Biochemistry, Histidine

Article Author:
Aleeza Kessler
Article Editor:
Daniel Purich
Updated:
7/30/2019 11:47:47 PM
PubMed Link:
Biochemistry, Histidine

Introduction

Histidine is a nutritionally essential amino acid that is also a precursor for several hormones (e.g., thyrotropin-releasing hormone), and critical metabolites affecting renal function, neurotransmission, gastric secretion, and the immune system. Its unique acid/base properties make it a versatile catalytic residue in many enzymes, as well as for those proteins and enzymes that coordinate metal ions.[1]

Fundamentals

Histidine is one of the nine essential amino acids humans must get from their diet and is present in most protein-rich foods such as meat, fish, eggs, soy, whole grains, beans, and nuts. Histidine’s imidazole side chain is unique amongst amino acids, giving rise to its aromaticity and amphoteric properties at physiologic pH. This property makes it a key catalytic residue in many enzymes.[2][3] It also performs important anti-inflammatory, anti-oxidant, and anti-secretory functions within the body.[4]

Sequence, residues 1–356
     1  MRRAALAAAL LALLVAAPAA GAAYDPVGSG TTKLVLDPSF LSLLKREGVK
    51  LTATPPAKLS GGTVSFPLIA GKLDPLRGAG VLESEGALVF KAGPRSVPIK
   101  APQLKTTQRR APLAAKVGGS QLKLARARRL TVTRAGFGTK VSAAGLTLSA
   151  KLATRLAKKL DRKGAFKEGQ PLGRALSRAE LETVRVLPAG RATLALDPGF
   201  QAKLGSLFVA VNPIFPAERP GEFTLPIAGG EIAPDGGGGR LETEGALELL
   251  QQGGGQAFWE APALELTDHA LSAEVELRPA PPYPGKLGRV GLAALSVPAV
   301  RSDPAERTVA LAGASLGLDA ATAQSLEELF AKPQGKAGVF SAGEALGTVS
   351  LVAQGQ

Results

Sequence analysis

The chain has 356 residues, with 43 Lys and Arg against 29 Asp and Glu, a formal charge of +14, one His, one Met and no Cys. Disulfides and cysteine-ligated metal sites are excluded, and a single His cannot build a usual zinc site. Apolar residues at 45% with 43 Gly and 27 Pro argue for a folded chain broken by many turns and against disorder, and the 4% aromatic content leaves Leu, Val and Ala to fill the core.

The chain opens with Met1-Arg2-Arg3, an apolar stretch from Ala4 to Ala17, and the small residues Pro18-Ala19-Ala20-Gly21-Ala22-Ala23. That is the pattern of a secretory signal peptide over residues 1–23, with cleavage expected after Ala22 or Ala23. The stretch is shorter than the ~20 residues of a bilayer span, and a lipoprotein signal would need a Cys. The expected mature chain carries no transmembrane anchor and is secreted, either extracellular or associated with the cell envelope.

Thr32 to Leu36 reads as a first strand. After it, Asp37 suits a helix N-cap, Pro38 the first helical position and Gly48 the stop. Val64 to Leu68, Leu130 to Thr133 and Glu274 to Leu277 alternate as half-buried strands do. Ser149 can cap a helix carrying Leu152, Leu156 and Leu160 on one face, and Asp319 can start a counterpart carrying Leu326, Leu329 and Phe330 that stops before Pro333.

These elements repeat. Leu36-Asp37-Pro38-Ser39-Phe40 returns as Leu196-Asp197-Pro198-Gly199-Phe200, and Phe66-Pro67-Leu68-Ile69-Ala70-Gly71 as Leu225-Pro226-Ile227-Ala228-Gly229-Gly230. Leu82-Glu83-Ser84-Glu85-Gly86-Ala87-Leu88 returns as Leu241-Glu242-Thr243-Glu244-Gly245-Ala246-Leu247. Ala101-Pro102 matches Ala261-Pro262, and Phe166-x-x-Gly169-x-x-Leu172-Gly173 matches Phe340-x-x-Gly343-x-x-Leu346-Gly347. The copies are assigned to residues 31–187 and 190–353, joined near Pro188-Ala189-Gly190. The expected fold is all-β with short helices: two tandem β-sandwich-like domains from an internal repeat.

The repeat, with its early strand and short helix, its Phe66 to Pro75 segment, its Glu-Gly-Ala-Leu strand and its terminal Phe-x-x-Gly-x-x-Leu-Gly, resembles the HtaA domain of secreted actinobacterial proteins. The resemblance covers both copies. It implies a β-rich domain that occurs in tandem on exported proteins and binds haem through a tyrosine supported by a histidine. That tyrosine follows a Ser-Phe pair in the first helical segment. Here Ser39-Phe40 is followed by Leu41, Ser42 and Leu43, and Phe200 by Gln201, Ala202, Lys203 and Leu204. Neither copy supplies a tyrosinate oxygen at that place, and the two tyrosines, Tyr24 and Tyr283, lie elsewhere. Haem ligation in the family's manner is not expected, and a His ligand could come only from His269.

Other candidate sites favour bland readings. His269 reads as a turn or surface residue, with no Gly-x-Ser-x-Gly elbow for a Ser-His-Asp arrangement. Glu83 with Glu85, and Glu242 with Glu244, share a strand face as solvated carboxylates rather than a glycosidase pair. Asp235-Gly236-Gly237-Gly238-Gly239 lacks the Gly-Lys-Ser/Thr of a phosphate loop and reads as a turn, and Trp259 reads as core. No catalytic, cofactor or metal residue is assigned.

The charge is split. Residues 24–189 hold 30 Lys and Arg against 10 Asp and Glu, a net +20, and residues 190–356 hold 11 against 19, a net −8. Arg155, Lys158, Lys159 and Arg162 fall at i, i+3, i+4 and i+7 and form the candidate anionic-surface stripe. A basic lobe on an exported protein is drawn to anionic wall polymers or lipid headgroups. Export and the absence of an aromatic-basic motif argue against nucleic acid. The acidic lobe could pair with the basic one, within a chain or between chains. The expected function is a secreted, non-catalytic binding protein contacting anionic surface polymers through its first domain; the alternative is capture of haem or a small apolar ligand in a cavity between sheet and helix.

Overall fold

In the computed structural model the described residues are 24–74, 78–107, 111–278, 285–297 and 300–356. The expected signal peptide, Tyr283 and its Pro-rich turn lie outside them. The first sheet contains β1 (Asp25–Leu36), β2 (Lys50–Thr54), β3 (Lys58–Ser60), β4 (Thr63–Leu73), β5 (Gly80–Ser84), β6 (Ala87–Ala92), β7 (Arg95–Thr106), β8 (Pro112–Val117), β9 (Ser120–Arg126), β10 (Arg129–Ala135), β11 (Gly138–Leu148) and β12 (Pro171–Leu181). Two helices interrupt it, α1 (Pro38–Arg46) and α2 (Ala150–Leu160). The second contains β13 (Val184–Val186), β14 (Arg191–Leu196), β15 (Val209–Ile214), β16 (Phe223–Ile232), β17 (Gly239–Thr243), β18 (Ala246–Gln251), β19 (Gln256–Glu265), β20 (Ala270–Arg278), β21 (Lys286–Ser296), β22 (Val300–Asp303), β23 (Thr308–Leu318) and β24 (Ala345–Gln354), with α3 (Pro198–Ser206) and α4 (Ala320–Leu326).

Issues of Concern

Appropriate dietary intake of histidine is crucial, both during development and throughout life. Deficiencies in histidine, as well as genetic defects in histidine metabolism, can pose problems across various systems of the body. Noteworthy metabolic byproducts are histamine, urocanic acid, and muscle dipeptides such as carnosine and anserine.[4] As a neurotransmitter, histamine is crucial to modulating inflammatory response as well as gastric acid regulation. Urocanic acid (urocanate) is vital to epidermal barrier formation in the skin.[5] It also has links to UV light absorption and immunosuppression. Finally, muscle dipeptides, like carnosine and anserine, play roles as homeostatic regulators that protect tissues.[6]